Stocks trade mixed after Fed cuts interest rates by a quarter point

Stocks rose Wednesday afternoon, with the S&P 500 setting a new closing record, after the Federal Reserve announced another cut in interest rates, while signaling that the economy appears to be strong enough to not need further cuts in the near future.

Investors were also monitoring a flood of quarterly corporate results that have largely come in better than analysts feared.

What did the major indexes do?

The S&P 500 index SPX, +0.33%  rose 9.88 points, or 0.3%, to close at a record level of 3,046.77.

The Dow Jones Industrial Average DJIA, +0.43%  gained 115.27 points, or 0.4%, to close at 27,186.69, and the Nasdaq Composite index COMP, +0.33%  added 27.12 points, or 0.3% to 8,303.98.

The Dow sits about 0.6% from its record high of 27,359.16 set on July 15, while the Nasdaq remains 0.3% below its record of 8,330.21, set on July 26.

What drove the market?

The Federal Reserve cut its benchmark fed funds rate by 0.25% to between 1.50% and 1.75%, a move that was widely expected by futures markets.

The central bank said in a statement accompanying the decision that the U.S. “labor market remains strong and that economic activity has been rising at a moderate rate,” adding that “sustained expansion of economic activity, strong labor-market conditions, and inflation near the committee’s symmetric 2% objective are the most likely outcomes” in the quarters ahead.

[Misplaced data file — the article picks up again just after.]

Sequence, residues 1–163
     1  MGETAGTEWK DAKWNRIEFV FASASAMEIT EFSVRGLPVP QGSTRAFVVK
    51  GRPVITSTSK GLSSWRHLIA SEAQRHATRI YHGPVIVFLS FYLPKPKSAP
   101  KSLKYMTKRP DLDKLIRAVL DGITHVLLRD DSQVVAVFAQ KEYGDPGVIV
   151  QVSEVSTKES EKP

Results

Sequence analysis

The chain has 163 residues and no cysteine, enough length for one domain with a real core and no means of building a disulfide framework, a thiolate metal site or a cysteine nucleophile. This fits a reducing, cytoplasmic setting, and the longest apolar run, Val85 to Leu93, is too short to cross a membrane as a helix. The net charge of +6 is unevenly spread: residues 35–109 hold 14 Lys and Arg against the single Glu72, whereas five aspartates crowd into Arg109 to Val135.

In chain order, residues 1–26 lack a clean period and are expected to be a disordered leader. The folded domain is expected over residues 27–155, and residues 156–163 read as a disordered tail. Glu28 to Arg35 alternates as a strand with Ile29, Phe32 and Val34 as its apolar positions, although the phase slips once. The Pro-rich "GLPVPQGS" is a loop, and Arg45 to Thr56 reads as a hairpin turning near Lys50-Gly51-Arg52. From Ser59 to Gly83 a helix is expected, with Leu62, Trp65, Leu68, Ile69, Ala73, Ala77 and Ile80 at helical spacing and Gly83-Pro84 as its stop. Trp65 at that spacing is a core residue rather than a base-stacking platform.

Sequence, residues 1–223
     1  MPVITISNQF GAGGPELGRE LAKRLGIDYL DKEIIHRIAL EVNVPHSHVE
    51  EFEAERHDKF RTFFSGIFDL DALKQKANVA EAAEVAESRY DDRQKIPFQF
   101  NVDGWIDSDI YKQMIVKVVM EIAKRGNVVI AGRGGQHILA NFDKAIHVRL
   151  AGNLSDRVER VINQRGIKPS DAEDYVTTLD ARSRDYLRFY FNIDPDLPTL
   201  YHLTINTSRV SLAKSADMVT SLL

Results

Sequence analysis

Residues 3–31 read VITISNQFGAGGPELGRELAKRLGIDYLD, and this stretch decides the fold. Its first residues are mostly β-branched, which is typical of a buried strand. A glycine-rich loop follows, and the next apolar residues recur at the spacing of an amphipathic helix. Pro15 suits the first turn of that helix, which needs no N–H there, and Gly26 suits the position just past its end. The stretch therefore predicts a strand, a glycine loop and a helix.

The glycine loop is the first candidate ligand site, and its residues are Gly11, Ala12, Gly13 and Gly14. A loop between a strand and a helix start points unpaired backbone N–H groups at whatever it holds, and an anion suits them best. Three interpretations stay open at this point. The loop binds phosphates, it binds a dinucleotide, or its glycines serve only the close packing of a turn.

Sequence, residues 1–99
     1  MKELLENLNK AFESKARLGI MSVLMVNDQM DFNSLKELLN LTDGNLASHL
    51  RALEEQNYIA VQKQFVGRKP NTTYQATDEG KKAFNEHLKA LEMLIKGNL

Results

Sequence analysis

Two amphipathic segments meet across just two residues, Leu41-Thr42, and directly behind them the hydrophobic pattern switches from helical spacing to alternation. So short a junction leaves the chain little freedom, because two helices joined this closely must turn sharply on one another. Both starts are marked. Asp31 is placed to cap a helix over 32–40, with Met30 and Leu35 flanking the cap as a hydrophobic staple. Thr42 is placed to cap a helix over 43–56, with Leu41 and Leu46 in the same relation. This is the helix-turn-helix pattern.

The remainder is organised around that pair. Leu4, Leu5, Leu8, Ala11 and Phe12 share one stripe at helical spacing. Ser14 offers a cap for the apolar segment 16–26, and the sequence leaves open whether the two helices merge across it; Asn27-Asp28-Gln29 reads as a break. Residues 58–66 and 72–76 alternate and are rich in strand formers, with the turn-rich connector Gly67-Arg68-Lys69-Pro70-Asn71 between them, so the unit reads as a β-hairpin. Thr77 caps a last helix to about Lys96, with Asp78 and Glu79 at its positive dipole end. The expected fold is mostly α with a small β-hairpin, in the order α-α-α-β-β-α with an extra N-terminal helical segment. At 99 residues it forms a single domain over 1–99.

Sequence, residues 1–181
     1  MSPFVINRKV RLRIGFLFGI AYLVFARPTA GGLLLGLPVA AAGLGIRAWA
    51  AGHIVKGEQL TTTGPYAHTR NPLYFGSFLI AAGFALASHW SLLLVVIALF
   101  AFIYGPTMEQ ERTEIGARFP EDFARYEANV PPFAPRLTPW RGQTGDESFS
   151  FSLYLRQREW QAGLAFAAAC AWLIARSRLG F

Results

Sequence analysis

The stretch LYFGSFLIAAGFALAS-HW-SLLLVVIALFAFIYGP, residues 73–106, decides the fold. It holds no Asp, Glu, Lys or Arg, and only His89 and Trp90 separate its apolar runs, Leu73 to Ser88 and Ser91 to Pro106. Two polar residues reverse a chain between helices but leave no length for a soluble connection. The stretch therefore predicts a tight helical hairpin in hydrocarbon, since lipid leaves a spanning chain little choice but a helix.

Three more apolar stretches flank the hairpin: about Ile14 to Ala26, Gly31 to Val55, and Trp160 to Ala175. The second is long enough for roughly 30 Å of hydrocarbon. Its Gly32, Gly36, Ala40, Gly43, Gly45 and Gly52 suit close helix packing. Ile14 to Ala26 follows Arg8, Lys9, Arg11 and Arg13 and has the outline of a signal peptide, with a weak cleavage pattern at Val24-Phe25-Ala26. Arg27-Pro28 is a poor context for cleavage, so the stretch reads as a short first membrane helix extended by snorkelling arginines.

It justified the easier monetary policy by noting that inflation remains below the Fed’s 2% target, “while business investment and exports remain weak.”

The statement may reflect a central bank that will be less willing to cut interest rates in the coming quarters, after it removed the phrase that the Fed “will act as appropriate to sustain the economic expansion” and replaced it with less forceful language suggesting a wait-and-see approach.

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